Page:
The penetration of the interface cables 30 from within the enclosure 10 to the exterior is realized within a single port of the ports 22 of the I/O frame 20 of the enclosure 10. This is made possible by providing a compound bracket 40, as illustrated in FIGS. 2, 3 and 4. The compound bracket is illustrated as being in a vertically elongated position to conform to the orientation of the ports of the I/O frame as shown in FIG. 1. The ports 22 are separated by spaced apart posts 24 of the I/O frame 20. A top rail 26 and a bottom rail 28 form the top and bottom bounds of the ports. The compound bracket 40 has a first bracket element 41 and a second bracket element 42. The view illustrated in FIG. 4 is from the rear of the compound bracket and illustrates how the two elements 41 and 42 are interfaced. There are partial cylindrically shaped cutouts in each element that combine to make a plurality of vertically spaced and cylindrically shaped openings 45 for the penetrating interface cables. The first cutouts in the first bracket element 41 can be smaller or larger than half of the total opening volume as long as the second cutouts of the second bracket element 42 combine with the first cutouts to form cylindrical openings 45. A collar 46 in each opening helps hold the individual interface cables. The two elements 41 and 42 are held together by a plurality of fasteners 44 after the cables have been placed in the cylindrically shaped openings 45. A pair of circuit board clips 48, extending to the inside of the second bracket element 42, are provided to help support the circuit board 12 within the host computer. The relative thickness of the two bracket elements are such that the interface cables penetrate the port at an offset. This offset allows the interface cables to be adjacent to but offset from the circuit board 12, but in a position to not interfere with another circuit board serving an adjacent port. The thickness T1 of the first bracket element 41 is in a range of values of about 55 percent to about 70 percent of the thickness T2 of the second bracket element 42.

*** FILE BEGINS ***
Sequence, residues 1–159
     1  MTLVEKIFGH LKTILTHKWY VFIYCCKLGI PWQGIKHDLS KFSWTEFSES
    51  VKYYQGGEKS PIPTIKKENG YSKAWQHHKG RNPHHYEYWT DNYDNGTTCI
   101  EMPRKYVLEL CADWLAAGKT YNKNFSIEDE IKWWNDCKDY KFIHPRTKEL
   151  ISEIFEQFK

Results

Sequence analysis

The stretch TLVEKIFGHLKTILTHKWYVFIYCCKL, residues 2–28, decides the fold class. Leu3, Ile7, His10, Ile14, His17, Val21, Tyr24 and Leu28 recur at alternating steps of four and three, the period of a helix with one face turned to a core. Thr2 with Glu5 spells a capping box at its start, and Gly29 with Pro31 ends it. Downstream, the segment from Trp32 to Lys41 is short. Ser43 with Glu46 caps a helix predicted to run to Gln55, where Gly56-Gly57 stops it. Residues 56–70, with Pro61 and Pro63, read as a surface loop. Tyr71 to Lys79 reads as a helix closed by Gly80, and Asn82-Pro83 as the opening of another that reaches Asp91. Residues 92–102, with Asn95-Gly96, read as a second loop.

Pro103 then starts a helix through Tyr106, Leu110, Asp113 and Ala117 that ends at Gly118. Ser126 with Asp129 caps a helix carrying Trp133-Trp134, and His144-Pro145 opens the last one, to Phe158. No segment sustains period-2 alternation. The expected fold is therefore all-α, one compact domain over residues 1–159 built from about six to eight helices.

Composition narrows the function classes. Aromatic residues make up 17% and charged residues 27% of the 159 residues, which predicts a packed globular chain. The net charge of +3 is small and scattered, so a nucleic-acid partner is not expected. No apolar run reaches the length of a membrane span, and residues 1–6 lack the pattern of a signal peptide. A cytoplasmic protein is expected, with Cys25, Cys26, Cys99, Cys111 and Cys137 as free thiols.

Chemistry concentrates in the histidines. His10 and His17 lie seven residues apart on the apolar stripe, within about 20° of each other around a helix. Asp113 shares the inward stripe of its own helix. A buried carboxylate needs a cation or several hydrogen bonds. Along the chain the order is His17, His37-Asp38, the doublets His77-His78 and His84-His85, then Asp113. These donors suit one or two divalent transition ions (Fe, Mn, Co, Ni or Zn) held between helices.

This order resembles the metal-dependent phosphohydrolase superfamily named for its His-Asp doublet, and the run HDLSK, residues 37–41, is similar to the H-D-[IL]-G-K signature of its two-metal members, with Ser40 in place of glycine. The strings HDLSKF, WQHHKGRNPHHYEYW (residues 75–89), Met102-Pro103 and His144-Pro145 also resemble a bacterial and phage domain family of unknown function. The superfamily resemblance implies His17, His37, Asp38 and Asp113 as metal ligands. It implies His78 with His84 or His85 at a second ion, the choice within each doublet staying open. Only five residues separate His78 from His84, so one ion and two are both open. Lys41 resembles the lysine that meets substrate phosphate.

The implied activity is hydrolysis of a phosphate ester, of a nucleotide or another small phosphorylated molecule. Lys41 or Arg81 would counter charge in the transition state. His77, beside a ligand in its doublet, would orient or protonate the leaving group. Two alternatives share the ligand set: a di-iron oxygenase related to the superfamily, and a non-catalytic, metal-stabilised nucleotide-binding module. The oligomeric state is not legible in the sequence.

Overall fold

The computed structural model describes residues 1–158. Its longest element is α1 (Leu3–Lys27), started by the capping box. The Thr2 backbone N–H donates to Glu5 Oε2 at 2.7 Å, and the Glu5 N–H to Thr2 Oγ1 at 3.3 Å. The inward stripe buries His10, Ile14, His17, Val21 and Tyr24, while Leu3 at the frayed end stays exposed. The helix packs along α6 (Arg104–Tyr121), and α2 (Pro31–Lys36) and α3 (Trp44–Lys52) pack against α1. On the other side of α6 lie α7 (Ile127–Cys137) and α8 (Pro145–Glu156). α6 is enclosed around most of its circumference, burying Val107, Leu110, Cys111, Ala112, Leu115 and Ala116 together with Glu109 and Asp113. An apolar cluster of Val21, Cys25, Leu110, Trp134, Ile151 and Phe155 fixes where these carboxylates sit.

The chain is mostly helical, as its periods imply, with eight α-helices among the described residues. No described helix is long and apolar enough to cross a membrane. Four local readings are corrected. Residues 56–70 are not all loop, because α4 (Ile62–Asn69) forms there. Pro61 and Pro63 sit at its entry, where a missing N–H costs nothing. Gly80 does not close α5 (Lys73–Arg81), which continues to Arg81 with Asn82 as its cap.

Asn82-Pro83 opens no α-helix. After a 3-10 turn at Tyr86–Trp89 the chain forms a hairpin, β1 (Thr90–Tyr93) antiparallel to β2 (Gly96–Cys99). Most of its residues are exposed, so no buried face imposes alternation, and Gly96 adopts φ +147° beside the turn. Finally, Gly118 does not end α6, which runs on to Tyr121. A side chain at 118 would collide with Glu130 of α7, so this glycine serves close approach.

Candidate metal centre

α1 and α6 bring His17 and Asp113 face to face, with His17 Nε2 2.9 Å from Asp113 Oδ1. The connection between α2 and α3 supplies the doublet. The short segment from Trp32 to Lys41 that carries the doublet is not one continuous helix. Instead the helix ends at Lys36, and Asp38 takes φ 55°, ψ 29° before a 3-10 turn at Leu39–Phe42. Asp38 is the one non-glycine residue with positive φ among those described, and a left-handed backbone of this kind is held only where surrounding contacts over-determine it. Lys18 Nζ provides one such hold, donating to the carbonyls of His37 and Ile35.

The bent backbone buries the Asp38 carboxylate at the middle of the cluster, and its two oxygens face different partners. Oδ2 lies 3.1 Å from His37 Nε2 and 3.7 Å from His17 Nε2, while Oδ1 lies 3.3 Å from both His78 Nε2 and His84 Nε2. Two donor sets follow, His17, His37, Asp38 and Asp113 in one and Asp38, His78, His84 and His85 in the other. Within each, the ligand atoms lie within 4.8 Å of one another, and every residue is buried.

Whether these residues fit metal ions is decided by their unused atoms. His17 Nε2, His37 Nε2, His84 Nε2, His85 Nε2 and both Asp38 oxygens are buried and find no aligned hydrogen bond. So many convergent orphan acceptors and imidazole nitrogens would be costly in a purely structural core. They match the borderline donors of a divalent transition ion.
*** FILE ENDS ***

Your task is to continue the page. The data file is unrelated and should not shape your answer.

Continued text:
The two elements of the compound bracket are made from the same material. The material used must provide a mounting of the bracket to give adequate strength in supporting and holding the interface cables in one port of the ports of the I/O frame of the enclosure. The bracket mount must also fill the port and provide shielding against electromagnetic interference (EMI) as well as provide grounding of the bracket to the I/O frame. The compound bracket can be made of a metallic material such as aluminum, steel or the like. The compound bracket is preferably made of a an epoxy material that can be cast and machined prior to receiving a plating of nickel over a copper flash to a plating thickness of about 1 mil (0.001 inch) to about 2 mils. This process makes the compound bracket light in weight, electrically conductive and economical to manufacture.